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At the Colonial


The present production of "Macbeth" has many things which will cause it to be remembered as a great presentation of Shakespeare. The play has been wisely divided into two acts in which the scenes follow swiftly upon each other so that there is no loss of the power of the tragedy. This is made possible by a striking and very usable staging and by the use of music during the interludes of acting. This music was at first too loud and drowned some of the speeches, but that is the only large criticism of the production. To compensate for that, the treatment of the love of the Macbeths is handled admirably, making them more human and their deeds more plausible, while the inclusion on stage of the murders of Banquo and Lady Macduff intensifies the horror of Macbeth's evil deeds. All the scenes are excellently staged and the play never for a moment loses its terrifying force.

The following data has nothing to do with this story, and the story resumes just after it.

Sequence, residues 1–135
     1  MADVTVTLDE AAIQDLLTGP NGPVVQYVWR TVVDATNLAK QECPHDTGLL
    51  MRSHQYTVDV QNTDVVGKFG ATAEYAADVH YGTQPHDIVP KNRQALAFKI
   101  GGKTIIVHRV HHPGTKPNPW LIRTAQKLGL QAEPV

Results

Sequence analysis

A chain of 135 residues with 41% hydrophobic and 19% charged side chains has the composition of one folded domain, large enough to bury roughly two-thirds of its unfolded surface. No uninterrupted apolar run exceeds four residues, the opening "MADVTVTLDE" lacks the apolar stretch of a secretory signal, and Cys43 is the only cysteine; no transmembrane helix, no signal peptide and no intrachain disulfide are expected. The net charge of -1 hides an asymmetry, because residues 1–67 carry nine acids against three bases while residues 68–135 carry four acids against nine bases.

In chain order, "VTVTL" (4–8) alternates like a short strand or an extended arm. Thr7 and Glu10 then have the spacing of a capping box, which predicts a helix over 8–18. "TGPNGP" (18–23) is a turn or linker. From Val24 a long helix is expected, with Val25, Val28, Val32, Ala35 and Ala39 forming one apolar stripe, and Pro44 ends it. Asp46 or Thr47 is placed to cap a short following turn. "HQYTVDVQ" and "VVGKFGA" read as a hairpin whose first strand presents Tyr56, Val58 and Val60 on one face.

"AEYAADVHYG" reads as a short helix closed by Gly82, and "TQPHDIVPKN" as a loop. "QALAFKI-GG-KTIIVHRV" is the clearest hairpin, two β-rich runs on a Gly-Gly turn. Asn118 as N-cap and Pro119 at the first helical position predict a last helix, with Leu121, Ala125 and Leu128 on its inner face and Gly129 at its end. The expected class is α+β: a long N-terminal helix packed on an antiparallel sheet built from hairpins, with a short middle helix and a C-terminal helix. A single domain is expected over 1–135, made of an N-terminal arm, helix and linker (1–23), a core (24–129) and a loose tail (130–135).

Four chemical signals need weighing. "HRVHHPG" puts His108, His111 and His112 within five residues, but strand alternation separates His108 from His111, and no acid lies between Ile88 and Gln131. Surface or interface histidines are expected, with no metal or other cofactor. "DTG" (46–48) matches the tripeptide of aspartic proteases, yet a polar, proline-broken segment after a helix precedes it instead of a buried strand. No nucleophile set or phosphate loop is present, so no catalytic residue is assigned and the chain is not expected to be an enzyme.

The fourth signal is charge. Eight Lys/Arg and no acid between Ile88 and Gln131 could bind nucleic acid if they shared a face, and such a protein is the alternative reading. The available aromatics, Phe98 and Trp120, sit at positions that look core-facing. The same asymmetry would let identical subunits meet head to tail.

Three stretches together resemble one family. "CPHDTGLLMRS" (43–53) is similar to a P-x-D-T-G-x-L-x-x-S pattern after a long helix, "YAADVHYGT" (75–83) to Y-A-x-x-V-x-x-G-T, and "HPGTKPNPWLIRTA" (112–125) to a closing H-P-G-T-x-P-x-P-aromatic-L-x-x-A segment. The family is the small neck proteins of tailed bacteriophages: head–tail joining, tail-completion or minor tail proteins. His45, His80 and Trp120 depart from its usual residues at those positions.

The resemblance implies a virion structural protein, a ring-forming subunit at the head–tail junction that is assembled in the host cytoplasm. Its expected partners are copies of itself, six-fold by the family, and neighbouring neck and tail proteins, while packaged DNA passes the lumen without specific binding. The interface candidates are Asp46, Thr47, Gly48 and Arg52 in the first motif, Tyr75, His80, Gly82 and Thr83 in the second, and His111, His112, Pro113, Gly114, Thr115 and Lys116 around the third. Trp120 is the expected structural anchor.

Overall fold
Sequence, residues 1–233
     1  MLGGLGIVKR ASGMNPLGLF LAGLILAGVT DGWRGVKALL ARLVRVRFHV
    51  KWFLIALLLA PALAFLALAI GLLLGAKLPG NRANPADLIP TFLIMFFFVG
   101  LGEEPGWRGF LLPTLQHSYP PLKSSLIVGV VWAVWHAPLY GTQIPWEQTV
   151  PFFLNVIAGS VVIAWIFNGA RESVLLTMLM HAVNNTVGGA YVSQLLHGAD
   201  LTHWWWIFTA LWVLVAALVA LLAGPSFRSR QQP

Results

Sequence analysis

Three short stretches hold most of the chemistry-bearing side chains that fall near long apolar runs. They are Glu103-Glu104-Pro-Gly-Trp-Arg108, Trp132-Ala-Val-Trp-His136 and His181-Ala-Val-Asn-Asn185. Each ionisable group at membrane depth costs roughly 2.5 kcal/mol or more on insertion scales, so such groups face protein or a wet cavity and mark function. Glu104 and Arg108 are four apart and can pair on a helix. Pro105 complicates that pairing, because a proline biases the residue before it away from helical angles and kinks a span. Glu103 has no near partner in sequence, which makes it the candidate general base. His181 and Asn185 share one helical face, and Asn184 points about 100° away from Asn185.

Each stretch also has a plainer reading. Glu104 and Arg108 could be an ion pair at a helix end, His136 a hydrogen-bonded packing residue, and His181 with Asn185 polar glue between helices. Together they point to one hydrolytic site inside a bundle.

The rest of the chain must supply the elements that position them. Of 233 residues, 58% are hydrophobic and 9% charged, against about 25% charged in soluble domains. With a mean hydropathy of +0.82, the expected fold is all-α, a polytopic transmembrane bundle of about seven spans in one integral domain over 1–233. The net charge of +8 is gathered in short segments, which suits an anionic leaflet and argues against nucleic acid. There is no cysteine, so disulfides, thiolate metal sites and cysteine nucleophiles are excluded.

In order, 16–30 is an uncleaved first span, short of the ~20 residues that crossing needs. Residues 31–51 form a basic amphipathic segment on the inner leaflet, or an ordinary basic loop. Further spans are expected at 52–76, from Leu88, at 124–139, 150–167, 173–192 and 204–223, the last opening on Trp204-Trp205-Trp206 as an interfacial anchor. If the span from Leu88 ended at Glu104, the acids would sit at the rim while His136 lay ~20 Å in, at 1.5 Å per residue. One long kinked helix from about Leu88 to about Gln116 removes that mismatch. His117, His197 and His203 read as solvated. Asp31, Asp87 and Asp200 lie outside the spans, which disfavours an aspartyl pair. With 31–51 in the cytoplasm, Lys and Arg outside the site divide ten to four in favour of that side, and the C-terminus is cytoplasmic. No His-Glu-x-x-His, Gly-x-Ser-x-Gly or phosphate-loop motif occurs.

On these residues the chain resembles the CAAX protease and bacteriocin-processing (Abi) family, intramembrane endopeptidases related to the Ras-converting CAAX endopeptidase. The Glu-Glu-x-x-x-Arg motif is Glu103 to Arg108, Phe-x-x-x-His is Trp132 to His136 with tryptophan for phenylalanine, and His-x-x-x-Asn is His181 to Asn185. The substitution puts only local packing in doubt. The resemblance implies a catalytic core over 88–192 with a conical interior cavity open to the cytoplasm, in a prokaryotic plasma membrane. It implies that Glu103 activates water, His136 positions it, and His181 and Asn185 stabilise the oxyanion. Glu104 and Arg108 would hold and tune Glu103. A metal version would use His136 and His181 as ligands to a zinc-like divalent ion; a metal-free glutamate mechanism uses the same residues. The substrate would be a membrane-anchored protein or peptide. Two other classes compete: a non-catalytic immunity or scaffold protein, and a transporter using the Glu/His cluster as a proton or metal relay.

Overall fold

To the part of Macbeth, Maurice Evans brings his well-known talents and gives an energetic, dynamic presentation of the king, but he is often too tense to give the illusion of reality. His passions are towering but never quite convincing. On the other hand. Judith Anderson, in the equally difficult role of Lady Macbeth, the highly ambitions but not naturally bloodthirsty queen, has a quality of realism that Evans lacks. The passionate scenes where she goads Macberth on to his crimes and reviles him for his weakness, are topped off by the famous sleep-walk ag scene, which is played with touching pathos. The honors for this show go first to Miss Anderson, and then to Margaret Webster, who directed; then comes Evans and beneath him a large body of adequate, if undistinguished actors.

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